>> +  if (fstat (sfd, &st) < 0)
>> +    FAIL_EXIT1 ("unable to fstat %s\n", sname);
>> +
>> +  dfd = open (dname, O_WRONLY | O_TRUNC | O_CREAT, 0600);
>> +  if (dfd < 0)
>> +    FAIL_EXIT1 ("unable to open %s for writing\n", dname);
>> +
>> +  if (copy_file_range (sfd, 0, dfd, 0, st.st_size, 0) != st.st_size)
>> +    FAIL_EXIT1 ("cannot copy file %s to %s\n", sname, dname);
>> +
>> +  close (sfd);
>> +  close (dfd);
>
> Use xclose.

Done throughout.

>> +
>> +  chmod (dname, st.st_mode & 0777);
>
> Check for chmod failure. Or add xchmod.

Done.

>> +
>> +  times.actime = st.st_atime;
>> +  times.modtime = st.st_mtime;
>> +  utime (dname, &times);
>
> Check for utime failure. Or add xutime.

Done.

>> +      al = (char *) malloc (a->st_size + 1);
>> +      bl = (char *) malloc (b->st_size + 1);
>
> Use xmalloc.

Done.

>> +      readlink (ap, al, a->st_size + 1);
>> +      readlink (bp, bl, b->st_size + 1);
>
> Use xreadlink.

Done throughout.

>> +      free (al);
>> +      free (bl);
>
> Check for free failure. Or add xfree. Just kidding ;-)

Oh sure, joke about this one, don't mention xopen() ;-)

>> +      // It's OK if this one fails, since we know the file might be missing.
>
> Use C comment. /* */.

In C99, // *is* a "C comment" :-)

But changed throughout ;-)

>> +	switch (d.st_mode & S_IFMT)
>> +	  {
>> +	  case S_IFDIR:
>> +	    if (!S_ISDIR (s.st_mode))
>> +	      {
>> +#if RTRACE
>> +		printf ("-D %s\n", dest->buf);
>> +#endif
>> +		recursive_remove (dest->buf);
>
> Check for failure to remove.

That no longer returns on failure, but exits.

>> +	      }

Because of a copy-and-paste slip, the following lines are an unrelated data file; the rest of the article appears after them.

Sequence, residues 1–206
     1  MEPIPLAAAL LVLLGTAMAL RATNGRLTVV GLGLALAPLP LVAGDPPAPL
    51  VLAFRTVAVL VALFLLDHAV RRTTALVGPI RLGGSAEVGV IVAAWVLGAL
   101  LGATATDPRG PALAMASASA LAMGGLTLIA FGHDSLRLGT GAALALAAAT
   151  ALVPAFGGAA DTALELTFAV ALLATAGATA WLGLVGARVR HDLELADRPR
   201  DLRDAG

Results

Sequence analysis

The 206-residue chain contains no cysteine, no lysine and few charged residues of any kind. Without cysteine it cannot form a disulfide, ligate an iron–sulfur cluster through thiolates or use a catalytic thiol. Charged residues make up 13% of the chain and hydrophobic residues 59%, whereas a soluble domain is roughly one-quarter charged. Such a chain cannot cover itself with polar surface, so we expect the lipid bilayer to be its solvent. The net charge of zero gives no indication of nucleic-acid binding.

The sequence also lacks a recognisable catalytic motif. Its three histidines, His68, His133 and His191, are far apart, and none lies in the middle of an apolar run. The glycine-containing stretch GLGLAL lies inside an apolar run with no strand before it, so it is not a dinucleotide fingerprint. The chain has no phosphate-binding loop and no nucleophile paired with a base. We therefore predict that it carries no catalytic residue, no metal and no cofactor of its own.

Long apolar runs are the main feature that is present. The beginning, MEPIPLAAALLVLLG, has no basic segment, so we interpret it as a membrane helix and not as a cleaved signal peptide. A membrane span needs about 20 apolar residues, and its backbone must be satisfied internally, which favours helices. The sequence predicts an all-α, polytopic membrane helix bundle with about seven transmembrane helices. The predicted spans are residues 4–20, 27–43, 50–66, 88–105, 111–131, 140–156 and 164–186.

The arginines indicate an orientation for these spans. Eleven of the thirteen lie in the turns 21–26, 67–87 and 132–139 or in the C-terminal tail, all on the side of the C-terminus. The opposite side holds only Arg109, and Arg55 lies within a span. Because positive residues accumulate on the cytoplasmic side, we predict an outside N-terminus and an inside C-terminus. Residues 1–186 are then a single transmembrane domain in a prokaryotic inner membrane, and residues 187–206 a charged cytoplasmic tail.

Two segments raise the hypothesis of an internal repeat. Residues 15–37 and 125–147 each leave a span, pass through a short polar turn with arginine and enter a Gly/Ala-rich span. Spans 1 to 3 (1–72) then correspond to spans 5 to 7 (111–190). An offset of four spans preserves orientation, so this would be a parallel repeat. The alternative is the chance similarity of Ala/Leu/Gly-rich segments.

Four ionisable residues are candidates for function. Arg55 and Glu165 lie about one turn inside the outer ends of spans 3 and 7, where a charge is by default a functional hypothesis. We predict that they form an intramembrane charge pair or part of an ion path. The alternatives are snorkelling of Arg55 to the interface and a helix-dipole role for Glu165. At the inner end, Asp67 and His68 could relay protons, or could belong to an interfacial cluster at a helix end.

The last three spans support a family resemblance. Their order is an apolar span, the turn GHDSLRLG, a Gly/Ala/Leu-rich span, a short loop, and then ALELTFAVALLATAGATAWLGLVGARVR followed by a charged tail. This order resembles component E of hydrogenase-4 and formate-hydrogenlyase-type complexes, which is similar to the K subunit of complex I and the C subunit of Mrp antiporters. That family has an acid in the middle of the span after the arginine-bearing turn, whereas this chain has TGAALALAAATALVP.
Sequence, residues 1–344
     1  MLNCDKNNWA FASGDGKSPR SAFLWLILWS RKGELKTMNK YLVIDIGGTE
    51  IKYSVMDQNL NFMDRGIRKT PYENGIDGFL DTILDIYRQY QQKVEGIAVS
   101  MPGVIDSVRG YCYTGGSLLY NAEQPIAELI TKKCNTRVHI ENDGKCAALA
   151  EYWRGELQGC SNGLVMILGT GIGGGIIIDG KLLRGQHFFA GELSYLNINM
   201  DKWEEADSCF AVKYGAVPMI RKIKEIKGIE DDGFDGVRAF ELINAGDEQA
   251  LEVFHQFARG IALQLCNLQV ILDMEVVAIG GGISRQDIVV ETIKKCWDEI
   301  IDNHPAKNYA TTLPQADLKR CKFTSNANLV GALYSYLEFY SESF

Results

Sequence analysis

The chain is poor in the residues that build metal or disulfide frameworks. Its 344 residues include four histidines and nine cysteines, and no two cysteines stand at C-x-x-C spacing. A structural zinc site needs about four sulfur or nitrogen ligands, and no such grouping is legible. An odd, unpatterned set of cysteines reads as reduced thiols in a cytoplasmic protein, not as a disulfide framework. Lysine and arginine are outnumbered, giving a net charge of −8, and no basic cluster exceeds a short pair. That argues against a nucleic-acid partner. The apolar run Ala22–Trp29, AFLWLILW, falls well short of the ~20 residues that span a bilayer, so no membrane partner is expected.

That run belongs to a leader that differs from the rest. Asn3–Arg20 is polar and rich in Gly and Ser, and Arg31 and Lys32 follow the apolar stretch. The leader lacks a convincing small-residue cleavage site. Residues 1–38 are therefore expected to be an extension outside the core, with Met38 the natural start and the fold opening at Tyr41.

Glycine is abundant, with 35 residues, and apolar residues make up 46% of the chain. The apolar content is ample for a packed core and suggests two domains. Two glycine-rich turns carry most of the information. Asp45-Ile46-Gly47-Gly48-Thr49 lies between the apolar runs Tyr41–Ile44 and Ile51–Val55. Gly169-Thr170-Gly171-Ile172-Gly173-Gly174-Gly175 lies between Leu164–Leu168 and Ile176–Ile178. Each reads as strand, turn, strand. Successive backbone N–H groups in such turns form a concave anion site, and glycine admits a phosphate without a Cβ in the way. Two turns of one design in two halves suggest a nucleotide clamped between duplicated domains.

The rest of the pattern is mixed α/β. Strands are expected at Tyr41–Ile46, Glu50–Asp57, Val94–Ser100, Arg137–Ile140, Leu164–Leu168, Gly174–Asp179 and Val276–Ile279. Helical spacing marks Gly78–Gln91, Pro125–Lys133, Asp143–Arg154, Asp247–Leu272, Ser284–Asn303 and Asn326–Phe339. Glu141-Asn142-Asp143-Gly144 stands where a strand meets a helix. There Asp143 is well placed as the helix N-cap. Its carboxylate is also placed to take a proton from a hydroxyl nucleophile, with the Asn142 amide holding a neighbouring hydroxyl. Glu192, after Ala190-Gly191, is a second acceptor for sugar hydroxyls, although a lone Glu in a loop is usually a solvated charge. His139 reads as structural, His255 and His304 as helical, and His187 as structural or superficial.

>> +	    break;
>> +
>> +	  default:
>> +#if RTRACE
>> +	    printf ("-F %s\n", dest->buf);
>> +#endif
>> +	    unlink (dest->buf);
>
> Use xunlink.

I added a maybe_xunlink:

void
maybe_xunlink (char char *path)
{
  int rv = unlink (path);
  if (rv < 0 && errno != ENOENT)
    FAIL_EXIT1 ("unlink (\"%s\"): %m", path);
}

That way, "rm file" in the script acts like "rm -f file"

>> +	  mkdir (dest->buf, (s.st_mode & 0777) | 0700);
>
> Use xmkdir.

I added a maybe_xmkdir because for most of these, the directory may
already exist, which is OK.

>> +	    lp[s.st_size] = 0;
>> +	    symlink (lp, dest->buf);
>
> Add xsymlink.

Done.

>> +		  recursive_remove (dest->buf);
>
> Check for failure to remove.

No longer returns on failure.

>> +/* Main */
>
> Remove comment.

Done.

>> +  char tmp[100];
>
> Is this a limit that needs to be documented?

It's only used to sprintf("%lld %lld 1") which works for up to 160-bit
integers.  I added a comment.


>> +	/* Try foo.files instead of foo.root/files.txt, as a shortcut.  */
>
> s/files.txt/files.in/g

s//foo.script/g ;-)

>> +#if 0
>> +    /* I don't want to add this until we know we need it, but here it
>> +       is...  */
>> +    if (f == NULL)
>> +      {
>> +	/* Look for a Makefile-generated one also.  */
>> +	fname = concat (argv[1], ".files", NULL);
>> +	f = fopen (fname, "r");
>> +      }
>> +#endif
>
> I'd rather see a bigger comment explaining what might be missing, and remove
> the #if 0 / #endif code.

Done.

>> +		rename (the_words[1], the_words[2]);
>
> Check for rename failure or add xrename.

Done.

>> +		chmod (the_words[2], m);
>
> Check for chmod failure or add xchmod.

Done.

>> +		unlink (the_words[1]);
>
> Use xunlink.

This is the one where it's OK to ENOENT.

>> +  mkdir ("/tmp", 0755);
>
> Use xmkdir.

Done.

>> +  mkdir ("/proc", 0777);
>
> Use xmkdir.

Done.

>> +/* Minimal /bin/true for in-container use.
>> +   Copyright (C) 2018 Free Software Foundation, Inc.
>> . . .
>> +   <http://www.gnu.org/licenses/>.  */
>> +
>
> Add a comment explaining this implements the true command which always
> returns true (0).

Done.  The line 1 comment doesn't count as that?